Proximity sensor reduces SAR

One solution for managing SAR is to build a capacitive proximity sensor into a mobile device that can determine when the device is close to being in contact with parts of the body and can optimise the RF power to a level that reduces overall SAR, yet still lets the device stay connected to the network.

Proximity sensors are an established SAR management solution in tablets, which have increased RF power for wireless radios in order to deliver a better connectivity and data throughput.

 

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Characteristics of a proximity sensor for SAR applications

There are several factors that suit a proximity sensor to SAR applications. As with any smart device component, lower power and smaller footprint are essential. Other functional capabilities that are an important part of the solution:

High-resolution sensing: The resolution of the proximity sensor expands the flexibility of the solution and enables very small sensor design to support the required sensing distance for SAR management in these space-constrained devices.

Permittivity filter: It’s essential for the proximity sensor to have the ability to detect and discriminate between low permittivity surfaces (a table top, for instance) and high permittivity (human body) surfaces. This allows the device to remain in full RF transmit power mode while on a tabletop, minimising any unnecessary RF back-off; and to be in reduced power mode only when near the human body.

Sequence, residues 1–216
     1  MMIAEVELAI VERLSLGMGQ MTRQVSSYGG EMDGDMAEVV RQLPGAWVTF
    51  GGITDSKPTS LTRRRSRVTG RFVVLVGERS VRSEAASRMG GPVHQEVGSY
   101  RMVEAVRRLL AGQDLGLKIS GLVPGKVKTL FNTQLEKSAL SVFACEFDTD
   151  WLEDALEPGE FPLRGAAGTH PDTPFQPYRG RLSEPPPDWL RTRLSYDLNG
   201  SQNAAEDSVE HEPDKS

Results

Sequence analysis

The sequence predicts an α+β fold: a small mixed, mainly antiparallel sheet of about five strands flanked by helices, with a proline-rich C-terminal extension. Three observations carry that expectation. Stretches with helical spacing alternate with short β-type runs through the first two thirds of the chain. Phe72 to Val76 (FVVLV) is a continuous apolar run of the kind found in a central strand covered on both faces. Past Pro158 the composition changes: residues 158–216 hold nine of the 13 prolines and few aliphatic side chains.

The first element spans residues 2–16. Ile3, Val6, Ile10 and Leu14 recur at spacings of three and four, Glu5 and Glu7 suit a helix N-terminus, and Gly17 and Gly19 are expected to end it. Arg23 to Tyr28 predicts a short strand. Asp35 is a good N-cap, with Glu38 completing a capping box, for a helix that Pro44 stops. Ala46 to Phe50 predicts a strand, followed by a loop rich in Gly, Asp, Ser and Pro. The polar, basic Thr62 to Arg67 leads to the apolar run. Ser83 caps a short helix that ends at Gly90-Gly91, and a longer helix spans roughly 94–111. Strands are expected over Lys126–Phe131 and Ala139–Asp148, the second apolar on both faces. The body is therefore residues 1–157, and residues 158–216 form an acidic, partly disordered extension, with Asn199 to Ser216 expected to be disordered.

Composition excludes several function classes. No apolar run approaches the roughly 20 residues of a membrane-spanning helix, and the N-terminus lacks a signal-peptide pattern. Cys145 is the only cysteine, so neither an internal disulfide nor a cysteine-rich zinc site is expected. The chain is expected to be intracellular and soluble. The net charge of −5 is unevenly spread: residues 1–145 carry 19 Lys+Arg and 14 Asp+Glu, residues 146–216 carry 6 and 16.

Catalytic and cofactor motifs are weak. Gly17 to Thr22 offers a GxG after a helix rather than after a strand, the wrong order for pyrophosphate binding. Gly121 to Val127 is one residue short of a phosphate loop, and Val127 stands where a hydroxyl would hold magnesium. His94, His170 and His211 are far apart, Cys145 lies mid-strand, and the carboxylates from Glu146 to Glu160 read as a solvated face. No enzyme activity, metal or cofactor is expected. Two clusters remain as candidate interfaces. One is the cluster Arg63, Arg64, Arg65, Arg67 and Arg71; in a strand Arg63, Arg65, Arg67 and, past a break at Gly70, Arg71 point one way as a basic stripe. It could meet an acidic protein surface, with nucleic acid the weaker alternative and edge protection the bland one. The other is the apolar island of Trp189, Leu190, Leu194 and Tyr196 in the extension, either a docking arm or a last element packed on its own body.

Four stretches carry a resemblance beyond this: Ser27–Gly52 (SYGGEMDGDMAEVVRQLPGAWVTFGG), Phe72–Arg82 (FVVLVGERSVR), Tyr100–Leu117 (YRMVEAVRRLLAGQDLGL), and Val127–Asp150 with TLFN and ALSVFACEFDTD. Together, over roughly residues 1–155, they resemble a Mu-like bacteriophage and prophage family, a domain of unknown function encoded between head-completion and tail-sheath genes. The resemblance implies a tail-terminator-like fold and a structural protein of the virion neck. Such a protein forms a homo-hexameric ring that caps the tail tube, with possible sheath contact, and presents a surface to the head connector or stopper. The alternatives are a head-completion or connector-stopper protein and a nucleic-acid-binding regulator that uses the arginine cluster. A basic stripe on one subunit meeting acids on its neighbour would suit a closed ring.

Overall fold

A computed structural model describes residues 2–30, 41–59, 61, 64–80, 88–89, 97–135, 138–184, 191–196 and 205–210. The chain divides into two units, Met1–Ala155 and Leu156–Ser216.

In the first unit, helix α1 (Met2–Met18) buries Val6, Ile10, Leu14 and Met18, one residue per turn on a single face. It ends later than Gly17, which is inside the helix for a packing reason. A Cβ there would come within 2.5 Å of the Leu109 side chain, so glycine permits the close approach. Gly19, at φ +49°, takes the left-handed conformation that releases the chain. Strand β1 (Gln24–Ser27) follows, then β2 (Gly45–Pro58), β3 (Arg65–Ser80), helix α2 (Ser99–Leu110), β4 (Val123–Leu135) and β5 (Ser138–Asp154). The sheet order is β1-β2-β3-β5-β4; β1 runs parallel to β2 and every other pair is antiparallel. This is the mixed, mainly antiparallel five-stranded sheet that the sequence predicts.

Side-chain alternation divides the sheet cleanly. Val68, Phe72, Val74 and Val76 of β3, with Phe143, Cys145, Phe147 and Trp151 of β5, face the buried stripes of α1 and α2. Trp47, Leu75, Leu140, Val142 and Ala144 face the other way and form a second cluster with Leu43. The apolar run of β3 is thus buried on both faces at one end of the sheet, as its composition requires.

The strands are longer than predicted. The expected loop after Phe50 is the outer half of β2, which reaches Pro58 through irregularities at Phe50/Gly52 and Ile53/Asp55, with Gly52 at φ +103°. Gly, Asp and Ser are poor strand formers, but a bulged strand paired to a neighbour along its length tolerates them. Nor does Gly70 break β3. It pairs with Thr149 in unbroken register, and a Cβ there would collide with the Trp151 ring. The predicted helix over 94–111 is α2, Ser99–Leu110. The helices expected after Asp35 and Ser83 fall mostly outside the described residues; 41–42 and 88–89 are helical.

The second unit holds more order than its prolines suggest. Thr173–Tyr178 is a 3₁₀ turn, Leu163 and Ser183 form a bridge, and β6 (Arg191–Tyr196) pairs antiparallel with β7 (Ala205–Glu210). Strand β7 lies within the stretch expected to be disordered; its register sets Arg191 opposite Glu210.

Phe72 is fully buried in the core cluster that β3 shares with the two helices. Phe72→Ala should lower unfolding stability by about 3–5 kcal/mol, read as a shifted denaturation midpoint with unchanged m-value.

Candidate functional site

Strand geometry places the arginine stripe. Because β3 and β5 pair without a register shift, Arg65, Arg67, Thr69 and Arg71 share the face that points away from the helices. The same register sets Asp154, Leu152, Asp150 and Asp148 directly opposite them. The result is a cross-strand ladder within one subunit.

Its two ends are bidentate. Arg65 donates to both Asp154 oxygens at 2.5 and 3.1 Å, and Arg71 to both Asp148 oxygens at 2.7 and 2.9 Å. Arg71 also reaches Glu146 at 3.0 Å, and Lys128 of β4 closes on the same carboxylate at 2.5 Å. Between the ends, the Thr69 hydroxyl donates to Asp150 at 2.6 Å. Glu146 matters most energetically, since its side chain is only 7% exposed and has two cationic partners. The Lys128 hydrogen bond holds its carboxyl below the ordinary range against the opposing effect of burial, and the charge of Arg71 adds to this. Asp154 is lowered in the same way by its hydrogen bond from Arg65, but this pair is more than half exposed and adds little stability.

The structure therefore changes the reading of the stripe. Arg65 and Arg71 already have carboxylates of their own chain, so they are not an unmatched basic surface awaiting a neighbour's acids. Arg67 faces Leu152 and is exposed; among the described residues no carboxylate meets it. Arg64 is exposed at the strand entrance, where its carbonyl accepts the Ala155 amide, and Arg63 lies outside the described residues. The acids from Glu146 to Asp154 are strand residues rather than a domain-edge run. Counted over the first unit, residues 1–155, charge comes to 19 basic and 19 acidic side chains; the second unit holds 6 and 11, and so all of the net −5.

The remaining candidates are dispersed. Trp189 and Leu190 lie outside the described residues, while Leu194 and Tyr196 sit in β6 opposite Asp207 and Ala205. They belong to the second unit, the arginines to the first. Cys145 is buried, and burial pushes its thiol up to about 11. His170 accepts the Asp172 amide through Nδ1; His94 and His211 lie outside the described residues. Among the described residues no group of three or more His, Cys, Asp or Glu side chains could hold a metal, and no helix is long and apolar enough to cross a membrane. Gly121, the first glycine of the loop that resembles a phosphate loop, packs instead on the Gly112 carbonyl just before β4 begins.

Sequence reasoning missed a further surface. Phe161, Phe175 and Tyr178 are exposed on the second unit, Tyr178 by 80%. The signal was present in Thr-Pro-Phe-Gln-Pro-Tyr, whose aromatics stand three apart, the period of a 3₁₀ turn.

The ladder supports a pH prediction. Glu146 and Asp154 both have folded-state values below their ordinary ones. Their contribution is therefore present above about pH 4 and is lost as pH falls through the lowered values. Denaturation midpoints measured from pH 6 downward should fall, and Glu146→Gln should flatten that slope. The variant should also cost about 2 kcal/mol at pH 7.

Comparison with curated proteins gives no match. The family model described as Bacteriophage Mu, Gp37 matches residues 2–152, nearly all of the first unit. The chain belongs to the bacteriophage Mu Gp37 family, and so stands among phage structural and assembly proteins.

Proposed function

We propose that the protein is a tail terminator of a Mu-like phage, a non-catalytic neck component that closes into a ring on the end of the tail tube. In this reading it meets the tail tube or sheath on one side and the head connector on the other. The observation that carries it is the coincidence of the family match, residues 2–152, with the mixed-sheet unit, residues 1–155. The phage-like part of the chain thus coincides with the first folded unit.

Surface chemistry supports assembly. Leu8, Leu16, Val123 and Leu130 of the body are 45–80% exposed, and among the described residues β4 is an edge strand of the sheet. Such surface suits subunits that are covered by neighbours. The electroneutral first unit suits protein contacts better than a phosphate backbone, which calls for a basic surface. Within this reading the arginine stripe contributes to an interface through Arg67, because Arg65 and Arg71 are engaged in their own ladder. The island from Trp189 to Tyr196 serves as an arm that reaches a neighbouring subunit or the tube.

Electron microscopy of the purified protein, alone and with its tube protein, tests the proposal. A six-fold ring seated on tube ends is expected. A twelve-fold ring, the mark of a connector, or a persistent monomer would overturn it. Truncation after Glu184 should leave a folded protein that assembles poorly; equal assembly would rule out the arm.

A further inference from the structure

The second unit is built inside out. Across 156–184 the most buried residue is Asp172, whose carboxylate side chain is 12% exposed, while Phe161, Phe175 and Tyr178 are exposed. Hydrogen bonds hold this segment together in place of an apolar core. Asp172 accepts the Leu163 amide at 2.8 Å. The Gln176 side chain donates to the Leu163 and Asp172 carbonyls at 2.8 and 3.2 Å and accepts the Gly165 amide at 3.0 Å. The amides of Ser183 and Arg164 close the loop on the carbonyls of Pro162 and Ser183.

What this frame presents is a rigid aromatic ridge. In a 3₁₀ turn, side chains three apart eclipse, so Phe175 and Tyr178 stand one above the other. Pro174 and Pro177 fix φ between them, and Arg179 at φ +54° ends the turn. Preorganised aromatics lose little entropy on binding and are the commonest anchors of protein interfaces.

Robust RF immunity: Sensors are typically operating in a noisy RF environment and susceptible to RF interference. External filters are often needed to filter out RF noise but that requires additional board space. Advanced IC circuit designs integrate the RF filter within the proximity sensor.

Elements of a proximity sensor design

The proximity sensor interface is composed of the sensor, an optional sensor shield, the analogue front-end (AFE) and a digital processor, which outputs a flag that indicates whether there is a proximity event. See Figure 1.

The proximity sensor is typically a simple copper area on the PCB or the FPC that is designed so that its capacitance to ground will vary when a conductive object such as a finger, palm, or face is in the proximity of the sensor. This sensor can detect proximity of objects touching the device (touch sensing) or at a specified distance of a few centimetres from the device (air sensing) depending on resolution.